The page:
Snowboard Review: 11-12 Venture Storm Splitboard
16 Oct, 2011
Location: Mammoth, CA
Snow Conditions: Mixture of slushy snow to leftover soft snow to hardpacked conditions.
Setup: I rode the Venture Storm splitboard with Spark R&D Blaze bindings and Vans Veil Boots size 8.
First Impression: A good trek on the way up, even better on the way down the mountain.
Ease of Use: Setting up the splitboard was pretty easy with the Voile mounting system and Spark R&D Blaze bindings. I took everything out, made sure my stance and angles were appropriate, then got everything dialed on the splitboard. To prepare for skinning first, I set up the board as skis, put on the skins (hardest part is peeling them apart) and prepared to ascend the mountain. When I reached the spot I wanted to ride down, I removed the bindings from the skis by removing the slider pins, put the skis on the ground to make the board, connected it and interlocked the board together, then slid the bindings back on and put the pins in. Also removed the skins from the base since you don’t want those on the ride down.
Flex: The Storm splitboard is meant to be on the stiffer end but I actually didn’t think it was that stiff. The nose was softer and more forgiving, between the bindings a bit stiffer flex that kept on towards the tail of the board. What I noticed most of all was the torsional flex was softer, very easy to get response and also noticeable because the board isn’t hole from edge to edge. Overall it felt more all mountain freestyle than freeride flex but it could have been the conditions weren’t up to par for the board.
Turning: Very quick edge to edge on this board and a very consistent carving radius on the board. Short turns felt just as comfortable as the longer radius turns, both were smooth and the board gripped the snow conditions. It was a very comfortable board to ride, no surprises and definitely a board I’d take into the backcountry.
Stable: The Storm offered up good stability on the mountain. It took some adjustment to get used to the torsional flex on the board because since it isn’t connected, you feel that disconnect a bit while riding. It did great riding in some cruddy/choppy conditions.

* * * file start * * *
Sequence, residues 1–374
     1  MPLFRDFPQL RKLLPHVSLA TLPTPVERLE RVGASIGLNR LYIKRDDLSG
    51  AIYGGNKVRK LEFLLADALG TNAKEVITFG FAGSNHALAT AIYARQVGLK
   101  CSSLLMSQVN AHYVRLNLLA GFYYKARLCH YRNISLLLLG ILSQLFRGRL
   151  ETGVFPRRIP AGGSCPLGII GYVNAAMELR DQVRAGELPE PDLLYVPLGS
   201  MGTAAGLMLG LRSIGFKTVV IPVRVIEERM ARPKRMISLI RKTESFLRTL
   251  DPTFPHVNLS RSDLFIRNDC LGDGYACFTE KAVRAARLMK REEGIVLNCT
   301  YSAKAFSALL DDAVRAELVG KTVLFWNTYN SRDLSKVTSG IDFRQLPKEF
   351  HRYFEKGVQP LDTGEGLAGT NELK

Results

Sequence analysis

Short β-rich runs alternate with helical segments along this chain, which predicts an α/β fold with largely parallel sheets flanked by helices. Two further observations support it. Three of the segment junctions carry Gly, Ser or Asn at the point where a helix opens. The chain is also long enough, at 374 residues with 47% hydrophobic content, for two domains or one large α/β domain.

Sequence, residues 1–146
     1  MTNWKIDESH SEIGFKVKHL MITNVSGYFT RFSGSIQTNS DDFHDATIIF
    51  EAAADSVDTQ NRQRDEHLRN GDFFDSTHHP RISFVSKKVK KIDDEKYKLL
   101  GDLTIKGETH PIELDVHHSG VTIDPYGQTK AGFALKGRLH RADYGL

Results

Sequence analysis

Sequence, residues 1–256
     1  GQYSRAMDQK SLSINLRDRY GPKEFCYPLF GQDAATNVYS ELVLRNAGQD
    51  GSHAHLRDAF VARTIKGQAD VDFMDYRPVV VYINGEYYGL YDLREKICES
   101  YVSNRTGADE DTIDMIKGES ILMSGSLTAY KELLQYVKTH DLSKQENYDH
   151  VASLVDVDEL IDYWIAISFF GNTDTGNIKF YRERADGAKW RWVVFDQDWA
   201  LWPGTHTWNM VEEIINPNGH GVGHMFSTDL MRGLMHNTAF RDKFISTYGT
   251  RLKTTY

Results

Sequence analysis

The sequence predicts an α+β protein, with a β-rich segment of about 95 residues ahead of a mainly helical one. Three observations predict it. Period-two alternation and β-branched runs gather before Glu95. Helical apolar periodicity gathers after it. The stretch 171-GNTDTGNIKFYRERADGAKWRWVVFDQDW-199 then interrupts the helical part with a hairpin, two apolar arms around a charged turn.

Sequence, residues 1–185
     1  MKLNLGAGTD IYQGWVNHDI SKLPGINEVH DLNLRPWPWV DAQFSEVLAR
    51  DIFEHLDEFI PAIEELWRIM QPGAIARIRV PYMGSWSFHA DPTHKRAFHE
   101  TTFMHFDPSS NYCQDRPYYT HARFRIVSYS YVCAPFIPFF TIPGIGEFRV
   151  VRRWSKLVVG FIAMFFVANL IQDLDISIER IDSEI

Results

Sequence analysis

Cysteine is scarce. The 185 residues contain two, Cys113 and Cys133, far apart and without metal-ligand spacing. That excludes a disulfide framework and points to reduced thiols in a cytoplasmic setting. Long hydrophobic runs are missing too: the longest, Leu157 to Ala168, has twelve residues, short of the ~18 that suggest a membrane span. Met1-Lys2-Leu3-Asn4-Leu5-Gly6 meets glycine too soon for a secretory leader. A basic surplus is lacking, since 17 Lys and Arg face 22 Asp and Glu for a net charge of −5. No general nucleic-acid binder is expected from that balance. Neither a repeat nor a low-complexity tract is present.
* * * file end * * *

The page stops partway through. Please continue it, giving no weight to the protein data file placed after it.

Switch: I did not bother riding this splitboard switch on the mountain.
Overall Impression: The Venture Storm is their freeride/powder board that is designed to tackle everything the mountain throws at it. I rode the splitboard version of the board which meant I got to skin up the mountain and ride down on the board. The Storm was easy to control as a splitboard, easier to ride than expecting and handled the crud of the spring mountain conditions (I was riding a closed portion of the mountain).
Shay’s Honesty Box: I received this board pretty late in the season and rode it in late April/early May inbounds at Mammoth Mountain. It definitely wasn’t the powder conditions I was hoping for but it was a mix of conditions from spring slush to leftover snow to good hardpacked groomers. It’s described as a freeride/pow deck so it can handle the crud you throw at it but definitely I thought it was a bit more forgiving and easier to ride. My only gripe was having to return the splitboard…it was a sad day but summer hit and I had to.
On Snow Photos
Venture Storm description
Review Disclosure: I received this board to demo from Venture Snowboards and returned it to Venture Snowboards after reviewing it.